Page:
If Clemency Boards have no guidelines, can they make just and fair decisions? 23%  24%  20%  26% 
Should Clemency Boards take new evidence of innocence into account? 98%  97%  100%  98% 
Should Clemency Boards take new evidence of rehabilitation into account? 60%  42%  79%  92% 
Should Clemency Board members be required to explain their decisions? 89%  84%  94%  95% 
Should National Guidelines be created to help Clemency Boards make wise decisions? 85%  80%  90%  92% 
Should Clemency Boards be required to meet as a group to make life and death decisions? 91%  88%  98%  94% 
Should the same standards be used for men and women? 98%  99%  97%  95% 

  

VI. Summary and Implications

 The sample is strongly in favor of Clemency Boards meeting as a group to make clemency decisions (91%), providing explanations for their decisions (89%), the creation of national guidelines to help Clemency Boards to make consistent decisions (85%), and the maintenance of same-sex standards for men and women (98%).

 At present, various states, including the Texas Board of Parole and Pardons, do not follow these procedures.  The Texas Board (which will decide the Tucker case):

  1. have no stated guidelines for clemency,
  2. need not meet as a group,
  3. need not seriously consider new evidence of innocence or rehabilitation,
  4. are not required to explain their decisions, and
  5. have not (statistically) employed same sex standards.

 Our data strongly suggest that the Board's decisions, including most importantly and immediately in the case of Karla Faye Tucker, are likely to be vulnerable to intense public scrutiny and disfavor if steps are not taken to improve the deliberation procedure that the Board currently follows.  At a minimum, it would seem that for the Tucker case the Board should meet as a group, demonstrate that is has seriously considered evidence of rehabilitation, and explain the criteria it used in reaching a decision. Without such steps, any decision is likely to be viewed as procedurally unfair and therefore met with hostility.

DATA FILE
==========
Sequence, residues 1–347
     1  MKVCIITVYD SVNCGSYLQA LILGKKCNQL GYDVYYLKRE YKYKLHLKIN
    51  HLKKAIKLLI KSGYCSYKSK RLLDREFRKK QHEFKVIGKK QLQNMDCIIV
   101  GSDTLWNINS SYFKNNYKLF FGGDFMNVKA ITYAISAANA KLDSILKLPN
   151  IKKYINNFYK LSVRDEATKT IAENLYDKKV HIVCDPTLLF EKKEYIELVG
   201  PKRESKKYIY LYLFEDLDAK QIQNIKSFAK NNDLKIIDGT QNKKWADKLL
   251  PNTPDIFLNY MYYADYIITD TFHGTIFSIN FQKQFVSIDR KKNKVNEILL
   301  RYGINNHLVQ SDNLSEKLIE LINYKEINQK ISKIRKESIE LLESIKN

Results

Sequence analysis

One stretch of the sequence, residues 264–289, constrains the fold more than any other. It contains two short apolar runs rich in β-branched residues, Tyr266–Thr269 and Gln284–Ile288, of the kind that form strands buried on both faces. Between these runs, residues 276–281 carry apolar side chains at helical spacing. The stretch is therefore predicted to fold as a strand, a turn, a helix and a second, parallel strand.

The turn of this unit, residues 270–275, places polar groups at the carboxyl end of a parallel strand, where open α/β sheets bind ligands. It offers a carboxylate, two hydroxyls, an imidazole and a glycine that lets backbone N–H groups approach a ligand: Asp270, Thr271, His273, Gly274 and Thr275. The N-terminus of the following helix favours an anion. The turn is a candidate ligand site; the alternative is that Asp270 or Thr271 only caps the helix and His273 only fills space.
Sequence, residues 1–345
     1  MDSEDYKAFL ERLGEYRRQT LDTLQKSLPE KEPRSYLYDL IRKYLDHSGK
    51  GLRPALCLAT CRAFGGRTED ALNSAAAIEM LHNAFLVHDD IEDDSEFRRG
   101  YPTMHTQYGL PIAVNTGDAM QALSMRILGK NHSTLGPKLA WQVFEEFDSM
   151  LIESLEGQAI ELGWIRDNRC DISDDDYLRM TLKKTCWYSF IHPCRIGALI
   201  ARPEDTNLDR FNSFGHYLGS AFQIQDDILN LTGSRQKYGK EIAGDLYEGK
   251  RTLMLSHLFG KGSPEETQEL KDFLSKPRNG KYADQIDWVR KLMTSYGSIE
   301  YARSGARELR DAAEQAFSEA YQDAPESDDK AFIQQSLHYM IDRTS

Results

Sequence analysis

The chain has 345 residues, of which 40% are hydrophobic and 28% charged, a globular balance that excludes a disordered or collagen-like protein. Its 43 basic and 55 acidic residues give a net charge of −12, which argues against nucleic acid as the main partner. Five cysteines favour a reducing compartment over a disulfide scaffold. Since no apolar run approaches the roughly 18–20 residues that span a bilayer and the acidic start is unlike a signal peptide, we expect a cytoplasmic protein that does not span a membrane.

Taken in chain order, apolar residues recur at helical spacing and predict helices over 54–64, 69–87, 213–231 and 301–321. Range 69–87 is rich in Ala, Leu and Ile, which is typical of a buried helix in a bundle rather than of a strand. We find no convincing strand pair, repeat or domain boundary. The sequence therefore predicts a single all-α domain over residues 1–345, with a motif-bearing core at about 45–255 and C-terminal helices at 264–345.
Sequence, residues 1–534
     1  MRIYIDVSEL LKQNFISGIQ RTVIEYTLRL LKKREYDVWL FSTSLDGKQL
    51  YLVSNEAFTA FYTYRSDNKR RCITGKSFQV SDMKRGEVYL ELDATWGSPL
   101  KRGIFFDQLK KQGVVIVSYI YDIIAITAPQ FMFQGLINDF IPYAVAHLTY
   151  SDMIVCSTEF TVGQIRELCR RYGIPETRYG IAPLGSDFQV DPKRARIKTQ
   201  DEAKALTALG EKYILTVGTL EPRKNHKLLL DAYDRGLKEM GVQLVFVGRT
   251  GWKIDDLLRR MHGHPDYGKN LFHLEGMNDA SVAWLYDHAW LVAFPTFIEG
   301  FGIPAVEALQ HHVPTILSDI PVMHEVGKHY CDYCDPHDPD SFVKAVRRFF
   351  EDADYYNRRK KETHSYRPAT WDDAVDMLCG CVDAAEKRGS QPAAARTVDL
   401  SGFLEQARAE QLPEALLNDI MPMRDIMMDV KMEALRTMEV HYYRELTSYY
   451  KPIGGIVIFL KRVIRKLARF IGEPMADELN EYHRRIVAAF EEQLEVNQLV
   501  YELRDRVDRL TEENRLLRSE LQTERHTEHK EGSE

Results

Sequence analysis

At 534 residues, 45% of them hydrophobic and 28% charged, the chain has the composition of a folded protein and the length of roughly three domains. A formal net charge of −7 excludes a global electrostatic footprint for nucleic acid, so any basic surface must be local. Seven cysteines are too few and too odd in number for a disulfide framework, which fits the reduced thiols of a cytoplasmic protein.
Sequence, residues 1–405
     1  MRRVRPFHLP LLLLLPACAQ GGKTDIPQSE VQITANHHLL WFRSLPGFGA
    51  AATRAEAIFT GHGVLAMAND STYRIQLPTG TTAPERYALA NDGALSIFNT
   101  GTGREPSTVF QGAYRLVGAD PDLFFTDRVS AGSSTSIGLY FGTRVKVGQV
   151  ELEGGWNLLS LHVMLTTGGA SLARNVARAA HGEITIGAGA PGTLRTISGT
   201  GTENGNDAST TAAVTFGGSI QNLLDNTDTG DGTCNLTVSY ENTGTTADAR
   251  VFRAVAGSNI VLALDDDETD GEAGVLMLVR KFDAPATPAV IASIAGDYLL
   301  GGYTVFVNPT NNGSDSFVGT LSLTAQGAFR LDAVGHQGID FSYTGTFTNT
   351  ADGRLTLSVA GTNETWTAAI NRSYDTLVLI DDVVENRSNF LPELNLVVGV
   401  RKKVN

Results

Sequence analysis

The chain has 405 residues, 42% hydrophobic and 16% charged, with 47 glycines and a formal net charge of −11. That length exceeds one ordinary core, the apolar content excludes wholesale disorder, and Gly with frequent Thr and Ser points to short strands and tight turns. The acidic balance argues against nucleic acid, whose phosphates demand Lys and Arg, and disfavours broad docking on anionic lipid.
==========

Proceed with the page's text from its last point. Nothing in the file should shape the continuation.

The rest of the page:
Perhaps of equal importance, these data suggest that the public desires reform with respect to the entire clemency process.  The current process gives little in the way of guidance to Board members who are faced with perhaps the most difficult decision one human can make about another.  Our studies suggest that the clemency process can be reformed so that Board members are not left to fend off the criticism that follows a procedurally unsound decision-making process.